“It is the first time in history that there is one big event, in this case a health crisis, which is the logical consequence of digital transformation,” said Boxing CEO Aaron Levie in a video conference with European journalists. Because social distancing means by definition that digital interfaces have to be used as a means of communication and transaction.
And of course you also have to be able to move the data somehow. According to Levie, Box has become one of the leading tools that companies can use to achieve this. “We were happy to be able to play this role for so many of our customers. It really showed them how important, how critical this infrastructure is for is the support of their company. “
As the Box CEO reported, the development from the “nice-to-have” cooperation tool to business-critical infrastructure took place across all industries. Use by national and local authorities has increased by 140 percent, companies in the health care and life science sectors have used Box to maintain critical business processes, banks have turned to Box to bring new customers on board and to work with them, Media and entertainment companies would have kept important processes going on box, and, and, and.
The impact of the pandemic led to a fundamental change in IT strategy, Levies concludes: “In a million years, we would not have thought that one of the largest catalysts and one of the largest use cases that will drive cloud growth is a pandemic and the circumstances would be related to it. But it obviously has completely changed the IT strategy of everyone involved around the world. And the way we think about work today is fundamentally different from three months ago. “
The forced separation of the pandemic made the advantages of remote work clear, he explained, referring to Zoom Meetings as an example. There have been days in the past few weeks on video calls with people in Japan, London, and three time zones in the United States. In the typical business environment before March, this was simply not possible.
The boxing CEO therefore doubts that after the end of the pandemic, things will be the same as they were before spring 2020. Although he would also like to meet people again personally, instead of via a video connection, the future of the work remains digital, Levie predicts. The effects of COVID-19 are certainly different from country to country, according to the top manager. “But regardless of whether an office reopens tomorrow or in a year, I think work is shifting towards Digital First.”
From Levie’s point of view, there will still be offices in the future, but it will not only work there. “The employees don’t want to give up the flexibility to work from anywhere or to have more flexible working hours when they go to the office,” said the Box CEO. “I think what we’ve learned from this experience is that we can do a lot more virtually than we ever imagined.”
However, employers would have to pay attention to how their employees are doing in this new world of remote work. It is important that they create the right atmosphere so that people can take the time they need to take breaks and take care of their families.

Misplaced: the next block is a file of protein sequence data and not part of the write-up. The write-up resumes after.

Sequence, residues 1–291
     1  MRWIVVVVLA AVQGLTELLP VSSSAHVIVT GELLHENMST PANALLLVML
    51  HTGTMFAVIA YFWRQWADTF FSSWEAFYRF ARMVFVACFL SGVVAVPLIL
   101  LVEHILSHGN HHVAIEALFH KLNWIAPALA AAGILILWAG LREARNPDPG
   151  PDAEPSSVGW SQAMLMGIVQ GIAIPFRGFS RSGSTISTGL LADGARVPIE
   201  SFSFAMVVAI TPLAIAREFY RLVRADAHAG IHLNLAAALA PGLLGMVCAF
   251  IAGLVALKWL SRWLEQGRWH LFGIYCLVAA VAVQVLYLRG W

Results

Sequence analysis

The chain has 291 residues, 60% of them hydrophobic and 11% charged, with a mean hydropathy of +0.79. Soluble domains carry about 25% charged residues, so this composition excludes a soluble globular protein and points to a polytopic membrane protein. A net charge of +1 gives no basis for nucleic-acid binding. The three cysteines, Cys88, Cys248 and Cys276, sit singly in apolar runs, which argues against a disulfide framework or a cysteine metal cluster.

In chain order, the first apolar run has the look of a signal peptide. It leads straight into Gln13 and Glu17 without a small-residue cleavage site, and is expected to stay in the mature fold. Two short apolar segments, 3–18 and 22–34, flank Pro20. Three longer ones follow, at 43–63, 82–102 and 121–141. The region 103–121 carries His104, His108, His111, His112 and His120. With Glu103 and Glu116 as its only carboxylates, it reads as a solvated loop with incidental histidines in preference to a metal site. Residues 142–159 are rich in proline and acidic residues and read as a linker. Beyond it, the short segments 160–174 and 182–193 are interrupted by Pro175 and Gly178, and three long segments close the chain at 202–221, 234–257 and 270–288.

That’s why he also expects there to be a certain return to social interaction: I don’t think the future of work will be working from home 14 hours a day for decades and decades. I think you have to get out. You have to see people, whether in the office or at conferences. I don’t think it will all go away.
Box supported this development by concentrating the product roadmap on three pillars for the coming months, Levie explained: security and compliance, workflow and integration with other productivity providers. The focus would be on new security functions and more controls around data protection as well as the increased integration of best-of-breed providers such as Slack and Zoom. Box wants to stay true to its mission of being the place where companies store their valuable content in the cloud, Levie said.
Companies will still have a great need to manage their digital information and digital content, said the Box CEO. At the same time, employees would like to work with a wide variety of tools, be it Slack, Teams, Zoom, Gmail or whatever app. “It is our job to ensure that we build this secure content management layer that connects to all of these applications,” Levie said.
Basically, none of this is new, the boxing CEO admitted. If you look back a decade, there were already all these ideas of Consumerization of IT and Social Enterprise around the Buzzword Enterprise 2.0. “The ideas were all there, but they had to manifest themselves differently because the internet needed to get faster, the browsers got better, we needed technologies like Zoom that were just being developed,” said Levie.
“Or let’s take groupware. I’m sure that [Lotus-Gründer] Mitch Kapor will say at some point, ‘You know, Lotus Notes was actually the inventor of all of this and now we are really ready to work in a way that is virtual and real-time, as we have long imagined. And [Notes-Erfinder] Ray Ozzie will say, ‘I’ve always told you’. “